National Museum of Scotland
|National Museum of Scotland|
The Museum of Scotland building, part of the National Museum of Scotland
|Architectural style||Victorian Venetian Renaissance and modern|
|Town or city||Edinburgh|
|Completed||1866 and 1998|
|Design and construction|
|Architect||Benson & Forsyth|
|Structural engineer||Anthony Hunt Associates|
The National Museum of Scotland, Edinburgh, Scotland, was formed in 2006 with the merger of two museums. They were the new Museum of Scotland (Scottish objects, culture and history) and the Royal Museum (science and technology, natural history, and world cultures). The two buildings are next to each other and are connected. They are on Chambers Street, by the George IV Bridge. The museum is part of National Museums Scotland. Admission is free.
As well as the national collections, the museum contains artefacts from around the world: geology, archaeology, natural history, science, technology, art, and world cultures. A Scottish invention that is a perennial favourite with school parties is The Maiden, an early form of guillotine.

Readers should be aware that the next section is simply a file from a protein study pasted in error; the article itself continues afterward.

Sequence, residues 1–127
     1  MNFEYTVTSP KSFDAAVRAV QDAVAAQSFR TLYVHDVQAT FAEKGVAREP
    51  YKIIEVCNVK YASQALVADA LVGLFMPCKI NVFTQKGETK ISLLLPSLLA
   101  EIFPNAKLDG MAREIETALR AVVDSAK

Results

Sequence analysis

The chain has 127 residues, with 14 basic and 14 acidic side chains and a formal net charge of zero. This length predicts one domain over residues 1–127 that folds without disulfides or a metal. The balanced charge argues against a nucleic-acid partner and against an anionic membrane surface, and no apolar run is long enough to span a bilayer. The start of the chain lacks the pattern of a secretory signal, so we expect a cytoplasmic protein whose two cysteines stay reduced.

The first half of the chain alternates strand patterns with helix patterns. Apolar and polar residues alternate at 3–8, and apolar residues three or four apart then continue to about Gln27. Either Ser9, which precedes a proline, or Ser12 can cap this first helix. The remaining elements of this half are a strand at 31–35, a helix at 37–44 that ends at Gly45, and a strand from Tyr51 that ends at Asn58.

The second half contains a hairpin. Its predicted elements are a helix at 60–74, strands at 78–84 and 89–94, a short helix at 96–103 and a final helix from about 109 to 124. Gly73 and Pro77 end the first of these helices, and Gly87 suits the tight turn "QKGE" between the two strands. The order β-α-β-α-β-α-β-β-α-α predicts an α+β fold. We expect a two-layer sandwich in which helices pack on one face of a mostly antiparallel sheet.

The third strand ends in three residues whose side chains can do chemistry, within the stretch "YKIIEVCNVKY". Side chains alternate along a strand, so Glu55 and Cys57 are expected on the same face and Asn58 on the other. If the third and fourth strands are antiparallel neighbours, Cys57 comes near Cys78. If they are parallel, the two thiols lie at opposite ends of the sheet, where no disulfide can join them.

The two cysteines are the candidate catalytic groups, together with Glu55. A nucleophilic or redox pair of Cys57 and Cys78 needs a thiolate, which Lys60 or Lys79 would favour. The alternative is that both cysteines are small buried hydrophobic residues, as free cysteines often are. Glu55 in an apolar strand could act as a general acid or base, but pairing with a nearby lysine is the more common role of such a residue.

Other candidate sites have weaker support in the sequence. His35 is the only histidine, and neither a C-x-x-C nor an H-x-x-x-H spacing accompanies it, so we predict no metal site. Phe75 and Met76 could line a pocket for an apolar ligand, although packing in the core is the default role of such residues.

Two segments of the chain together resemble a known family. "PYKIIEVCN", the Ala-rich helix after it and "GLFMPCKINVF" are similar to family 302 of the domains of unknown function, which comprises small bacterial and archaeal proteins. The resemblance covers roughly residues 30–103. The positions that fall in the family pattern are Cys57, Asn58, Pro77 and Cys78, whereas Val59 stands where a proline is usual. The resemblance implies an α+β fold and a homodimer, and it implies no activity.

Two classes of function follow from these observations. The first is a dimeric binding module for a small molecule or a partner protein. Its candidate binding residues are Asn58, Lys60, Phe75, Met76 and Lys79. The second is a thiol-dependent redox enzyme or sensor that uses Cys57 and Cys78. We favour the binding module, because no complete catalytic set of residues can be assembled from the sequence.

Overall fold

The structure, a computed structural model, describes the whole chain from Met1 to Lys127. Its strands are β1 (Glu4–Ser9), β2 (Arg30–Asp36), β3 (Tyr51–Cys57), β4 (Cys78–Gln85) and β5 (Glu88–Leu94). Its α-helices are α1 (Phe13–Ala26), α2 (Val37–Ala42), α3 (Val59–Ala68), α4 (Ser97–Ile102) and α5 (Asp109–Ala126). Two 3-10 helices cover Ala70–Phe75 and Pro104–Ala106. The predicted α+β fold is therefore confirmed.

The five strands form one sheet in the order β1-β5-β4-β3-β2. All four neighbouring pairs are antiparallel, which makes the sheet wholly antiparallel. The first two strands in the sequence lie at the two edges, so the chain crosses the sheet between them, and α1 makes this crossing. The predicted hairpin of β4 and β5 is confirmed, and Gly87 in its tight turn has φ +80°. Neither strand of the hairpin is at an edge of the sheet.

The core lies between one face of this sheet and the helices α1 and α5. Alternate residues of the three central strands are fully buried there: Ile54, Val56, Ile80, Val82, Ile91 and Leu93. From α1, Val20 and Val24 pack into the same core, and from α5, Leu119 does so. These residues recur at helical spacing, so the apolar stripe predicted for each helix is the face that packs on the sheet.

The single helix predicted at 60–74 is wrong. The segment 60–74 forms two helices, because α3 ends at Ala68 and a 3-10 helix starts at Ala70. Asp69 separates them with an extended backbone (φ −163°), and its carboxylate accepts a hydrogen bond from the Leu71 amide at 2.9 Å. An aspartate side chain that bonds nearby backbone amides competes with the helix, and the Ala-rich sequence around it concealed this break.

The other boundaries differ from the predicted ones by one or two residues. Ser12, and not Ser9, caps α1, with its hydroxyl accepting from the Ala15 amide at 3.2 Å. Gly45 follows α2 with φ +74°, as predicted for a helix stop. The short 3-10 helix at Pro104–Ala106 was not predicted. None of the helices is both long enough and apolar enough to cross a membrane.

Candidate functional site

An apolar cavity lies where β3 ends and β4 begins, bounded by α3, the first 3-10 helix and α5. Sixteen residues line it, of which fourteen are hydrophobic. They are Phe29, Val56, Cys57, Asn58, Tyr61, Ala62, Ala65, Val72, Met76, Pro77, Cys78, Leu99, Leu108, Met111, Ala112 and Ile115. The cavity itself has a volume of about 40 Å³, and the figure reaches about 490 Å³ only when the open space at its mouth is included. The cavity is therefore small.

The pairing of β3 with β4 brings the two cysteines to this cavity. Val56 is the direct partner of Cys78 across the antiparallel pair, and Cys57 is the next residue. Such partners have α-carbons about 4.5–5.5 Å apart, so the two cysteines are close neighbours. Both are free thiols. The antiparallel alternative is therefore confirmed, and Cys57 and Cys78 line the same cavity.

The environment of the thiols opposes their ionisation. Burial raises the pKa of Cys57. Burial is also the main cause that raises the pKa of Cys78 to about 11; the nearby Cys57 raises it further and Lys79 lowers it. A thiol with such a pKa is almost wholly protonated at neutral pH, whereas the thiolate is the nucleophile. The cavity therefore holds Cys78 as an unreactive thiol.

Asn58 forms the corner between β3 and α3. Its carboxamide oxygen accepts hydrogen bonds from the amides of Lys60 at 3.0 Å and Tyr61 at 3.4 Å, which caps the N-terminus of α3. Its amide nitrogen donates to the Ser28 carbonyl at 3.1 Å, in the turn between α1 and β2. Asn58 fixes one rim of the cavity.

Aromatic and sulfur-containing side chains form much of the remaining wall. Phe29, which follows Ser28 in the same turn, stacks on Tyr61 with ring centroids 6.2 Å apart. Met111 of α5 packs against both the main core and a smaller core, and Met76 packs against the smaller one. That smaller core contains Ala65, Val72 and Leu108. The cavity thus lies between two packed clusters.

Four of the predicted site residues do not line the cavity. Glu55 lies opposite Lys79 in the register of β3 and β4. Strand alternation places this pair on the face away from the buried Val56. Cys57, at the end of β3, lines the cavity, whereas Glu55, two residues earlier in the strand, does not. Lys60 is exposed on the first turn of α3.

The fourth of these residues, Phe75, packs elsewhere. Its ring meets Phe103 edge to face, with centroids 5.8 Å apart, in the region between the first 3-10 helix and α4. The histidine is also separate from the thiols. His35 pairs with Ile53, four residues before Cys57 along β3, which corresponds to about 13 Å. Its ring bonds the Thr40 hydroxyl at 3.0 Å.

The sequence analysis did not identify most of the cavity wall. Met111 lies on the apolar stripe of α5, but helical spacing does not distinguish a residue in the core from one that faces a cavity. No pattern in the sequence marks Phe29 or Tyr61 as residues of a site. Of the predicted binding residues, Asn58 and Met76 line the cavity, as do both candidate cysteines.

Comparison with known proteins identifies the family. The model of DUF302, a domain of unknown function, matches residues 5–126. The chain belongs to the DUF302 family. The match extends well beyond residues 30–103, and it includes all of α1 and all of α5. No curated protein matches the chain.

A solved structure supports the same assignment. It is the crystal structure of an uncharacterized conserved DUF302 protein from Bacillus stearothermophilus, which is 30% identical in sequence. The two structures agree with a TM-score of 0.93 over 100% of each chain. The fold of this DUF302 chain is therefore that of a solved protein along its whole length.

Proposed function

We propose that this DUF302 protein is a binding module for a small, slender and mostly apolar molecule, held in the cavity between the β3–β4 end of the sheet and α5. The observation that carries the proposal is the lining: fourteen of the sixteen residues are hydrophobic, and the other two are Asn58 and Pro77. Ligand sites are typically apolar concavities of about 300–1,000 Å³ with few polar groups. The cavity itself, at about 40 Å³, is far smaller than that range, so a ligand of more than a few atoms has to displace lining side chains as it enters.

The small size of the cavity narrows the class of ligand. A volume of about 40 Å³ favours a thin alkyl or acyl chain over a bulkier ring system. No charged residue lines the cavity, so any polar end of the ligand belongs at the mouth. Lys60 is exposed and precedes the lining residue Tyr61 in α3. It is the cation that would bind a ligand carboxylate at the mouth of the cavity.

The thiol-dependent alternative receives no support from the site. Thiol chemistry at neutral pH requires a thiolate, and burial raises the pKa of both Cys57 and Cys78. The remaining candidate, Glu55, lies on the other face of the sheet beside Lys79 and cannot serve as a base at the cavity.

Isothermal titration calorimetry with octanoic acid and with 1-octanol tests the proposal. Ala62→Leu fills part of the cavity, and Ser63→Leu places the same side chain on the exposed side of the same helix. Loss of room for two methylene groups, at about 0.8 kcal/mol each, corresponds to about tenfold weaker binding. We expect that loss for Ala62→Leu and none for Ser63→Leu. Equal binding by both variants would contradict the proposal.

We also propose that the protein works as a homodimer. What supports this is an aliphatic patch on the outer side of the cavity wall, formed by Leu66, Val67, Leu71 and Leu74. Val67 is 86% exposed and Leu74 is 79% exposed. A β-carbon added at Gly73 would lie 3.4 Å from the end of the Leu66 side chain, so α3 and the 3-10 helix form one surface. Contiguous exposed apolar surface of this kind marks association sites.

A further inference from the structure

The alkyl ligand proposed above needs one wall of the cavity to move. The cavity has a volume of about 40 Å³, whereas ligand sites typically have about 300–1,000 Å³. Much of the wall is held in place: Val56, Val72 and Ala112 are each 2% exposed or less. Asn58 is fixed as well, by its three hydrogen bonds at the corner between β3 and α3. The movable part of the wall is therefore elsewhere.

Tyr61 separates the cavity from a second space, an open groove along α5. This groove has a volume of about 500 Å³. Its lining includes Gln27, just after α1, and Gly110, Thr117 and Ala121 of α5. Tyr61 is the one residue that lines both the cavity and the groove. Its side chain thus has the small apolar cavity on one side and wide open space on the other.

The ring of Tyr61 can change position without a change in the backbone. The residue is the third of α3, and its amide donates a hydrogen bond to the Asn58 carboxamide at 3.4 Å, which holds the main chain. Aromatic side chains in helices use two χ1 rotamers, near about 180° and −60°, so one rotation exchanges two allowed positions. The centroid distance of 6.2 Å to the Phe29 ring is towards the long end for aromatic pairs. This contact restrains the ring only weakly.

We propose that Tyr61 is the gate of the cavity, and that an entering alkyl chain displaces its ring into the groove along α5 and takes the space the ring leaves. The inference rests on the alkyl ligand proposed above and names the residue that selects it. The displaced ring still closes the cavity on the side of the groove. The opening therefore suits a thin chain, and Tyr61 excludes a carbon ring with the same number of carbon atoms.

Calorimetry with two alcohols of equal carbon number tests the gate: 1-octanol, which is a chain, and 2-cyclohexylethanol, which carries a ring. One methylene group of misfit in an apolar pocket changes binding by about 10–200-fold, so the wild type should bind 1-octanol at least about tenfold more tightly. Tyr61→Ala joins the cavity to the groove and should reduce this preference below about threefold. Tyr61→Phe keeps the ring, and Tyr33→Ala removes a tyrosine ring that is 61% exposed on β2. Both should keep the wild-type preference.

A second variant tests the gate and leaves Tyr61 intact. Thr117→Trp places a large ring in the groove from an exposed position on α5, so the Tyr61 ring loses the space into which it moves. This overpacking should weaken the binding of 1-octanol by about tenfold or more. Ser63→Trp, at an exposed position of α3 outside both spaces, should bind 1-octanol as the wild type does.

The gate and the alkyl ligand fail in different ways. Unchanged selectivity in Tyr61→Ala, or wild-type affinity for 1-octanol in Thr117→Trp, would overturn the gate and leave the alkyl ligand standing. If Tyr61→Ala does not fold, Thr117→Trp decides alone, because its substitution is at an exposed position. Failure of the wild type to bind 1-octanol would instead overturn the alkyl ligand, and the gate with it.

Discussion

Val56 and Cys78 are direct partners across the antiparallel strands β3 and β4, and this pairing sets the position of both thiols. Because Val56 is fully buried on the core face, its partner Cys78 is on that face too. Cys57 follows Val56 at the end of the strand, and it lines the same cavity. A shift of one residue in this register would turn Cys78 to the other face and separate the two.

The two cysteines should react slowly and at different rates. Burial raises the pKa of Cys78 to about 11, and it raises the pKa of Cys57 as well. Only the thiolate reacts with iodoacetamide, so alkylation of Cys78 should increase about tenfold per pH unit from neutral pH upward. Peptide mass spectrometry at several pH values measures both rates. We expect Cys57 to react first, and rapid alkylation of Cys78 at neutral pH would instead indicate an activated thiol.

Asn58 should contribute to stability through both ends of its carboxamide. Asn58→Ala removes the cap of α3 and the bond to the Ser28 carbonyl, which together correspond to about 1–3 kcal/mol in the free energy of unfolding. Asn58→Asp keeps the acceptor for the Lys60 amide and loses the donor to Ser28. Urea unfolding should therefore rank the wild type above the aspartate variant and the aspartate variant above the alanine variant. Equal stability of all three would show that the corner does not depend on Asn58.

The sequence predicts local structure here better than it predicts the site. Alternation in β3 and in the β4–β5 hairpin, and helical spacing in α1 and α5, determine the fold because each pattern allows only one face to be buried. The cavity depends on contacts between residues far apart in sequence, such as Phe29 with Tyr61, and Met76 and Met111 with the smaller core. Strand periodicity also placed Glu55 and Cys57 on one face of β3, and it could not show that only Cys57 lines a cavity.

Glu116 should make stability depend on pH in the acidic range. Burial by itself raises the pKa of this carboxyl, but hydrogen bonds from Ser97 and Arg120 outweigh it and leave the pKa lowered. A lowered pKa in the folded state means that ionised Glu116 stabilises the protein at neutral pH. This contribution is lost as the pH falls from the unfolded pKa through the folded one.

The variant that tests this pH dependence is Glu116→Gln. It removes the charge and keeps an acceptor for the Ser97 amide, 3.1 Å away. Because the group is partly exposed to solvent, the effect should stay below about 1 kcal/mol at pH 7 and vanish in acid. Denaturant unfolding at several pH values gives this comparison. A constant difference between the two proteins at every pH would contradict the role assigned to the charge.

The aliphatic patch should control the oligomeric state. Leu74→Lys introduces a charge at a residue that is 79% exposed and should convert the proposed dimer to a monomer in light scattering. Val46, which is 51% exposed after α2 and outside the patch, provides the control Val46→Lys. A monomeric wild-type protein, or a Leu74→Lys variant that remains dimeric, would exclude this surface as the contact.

In 2017, the museum received 2,165,601 visitors, Scotland's most popular visitor attraction that year.
References[change | change source]
- "National Museum of Scotland to reopen after £47m refit". BBC. 27 July 2011. Retrieved 20 December 2011.
- "2017 Visitor Figures". Association of Leading Visitor Attractions. Retrieved 22 March 2018.